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The utility of jellyfish as marine biomonitors
Marine Pollution Bulletin  (IF5.553),  Pub Date : 2021-10-20, DOI: 10.1016/j.marpolbul.2021.113056
Michelle A. Templeman, Madeline R. McKenzie, Michael J. Kingsford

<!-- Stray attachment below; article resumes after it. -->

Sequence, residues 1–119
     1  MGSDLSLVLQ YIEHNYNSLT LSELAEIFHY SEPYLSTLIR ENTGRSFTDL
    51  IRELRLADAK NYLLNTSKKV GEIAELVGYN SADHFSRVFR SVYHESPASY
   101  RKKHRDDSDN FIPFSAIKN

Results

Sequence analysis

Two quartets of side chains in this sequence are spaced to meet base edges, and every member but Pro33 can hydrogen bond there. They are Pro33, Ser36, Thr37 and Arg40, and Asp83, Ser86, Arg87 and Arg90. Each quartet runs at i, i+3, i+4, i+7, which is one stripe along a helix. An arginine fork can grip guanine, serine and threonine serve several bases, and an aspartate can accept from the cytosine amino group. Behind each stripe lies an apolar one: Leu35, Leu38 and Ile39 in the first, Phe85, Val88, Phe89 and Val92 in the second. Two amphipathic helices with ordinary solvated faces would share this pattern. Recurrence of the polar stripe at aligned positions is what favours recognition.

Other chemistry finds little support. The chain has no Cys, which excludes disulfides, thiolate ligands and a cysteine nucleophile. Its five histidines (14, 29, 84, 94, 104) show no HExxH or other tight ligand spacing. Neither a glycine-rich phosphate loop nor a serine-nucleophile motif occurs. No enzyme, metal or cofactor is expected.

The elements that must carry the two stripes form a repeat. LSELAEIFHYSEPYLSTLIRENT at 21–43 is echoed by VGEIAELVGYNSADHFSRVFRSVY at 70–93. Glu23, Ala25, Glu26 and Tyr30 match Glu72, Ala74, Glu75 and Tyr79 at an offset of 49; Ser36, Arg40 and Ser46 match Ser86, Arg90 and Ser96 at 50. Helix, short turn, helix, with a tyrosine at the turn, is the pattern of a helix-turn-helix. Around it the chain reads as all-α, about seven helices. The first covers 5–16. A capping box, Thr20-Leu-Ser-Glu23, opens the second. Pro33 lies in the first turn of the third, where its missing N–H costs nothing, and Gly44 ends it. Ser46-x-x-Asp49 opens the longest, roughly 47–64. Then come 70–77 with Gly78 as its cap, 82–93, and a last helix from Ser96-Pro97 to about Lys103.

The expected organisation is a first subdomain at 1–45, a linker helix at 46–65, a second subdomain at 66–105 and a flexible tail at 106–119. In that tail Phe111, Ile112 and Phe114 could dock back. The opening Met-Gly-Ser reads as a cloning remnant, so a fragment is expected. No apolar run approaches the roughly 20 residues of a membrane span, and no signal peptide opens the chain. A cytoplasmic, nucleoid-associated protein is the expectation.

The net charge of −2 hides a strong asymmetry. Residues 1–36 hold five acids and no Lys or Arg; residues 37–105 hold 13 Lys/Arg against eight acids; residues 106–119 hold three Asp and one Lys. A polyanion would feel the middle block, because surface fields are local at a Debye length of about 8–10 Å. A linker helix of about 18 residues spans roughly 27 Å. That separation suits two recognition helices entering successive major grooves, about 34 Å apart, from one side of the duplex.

Jellyfish are abundant in coastal waters across broad latitudinal ranges and are often considered pests and a group that can cause phase shifts in marine ecosystems. Recent studies have highlighted their potential as biomonitors of contaminants including metals, herbicides and nutrients. Traditionally, sedentary organisms like molluscs and annelid worms have been used, but some jellyfish have similar characteristics of localised distributions and in some cases sedentary behaviour. Broad gradients in contaminant accumulation have been shown for a number of planktonic jellyfish species. An alternative biomonitoring candidate is the tropical/sub-tropical upside-down jellyfish (Cassiopea spp.). In laboratory and field deployments, Cassiopea accumulate measurable contaminants over days to weeks, making them ideal for detecting short-term pulses. Furthermore, the decay curve of contaminants varies temporally post-exposure and contaminant type. This can provide an estimate of the timing of exposure. Cassiopea, along with other jellyfish, have the potential to be an interesting and valuable group of organisms for monitoring coastal impacts.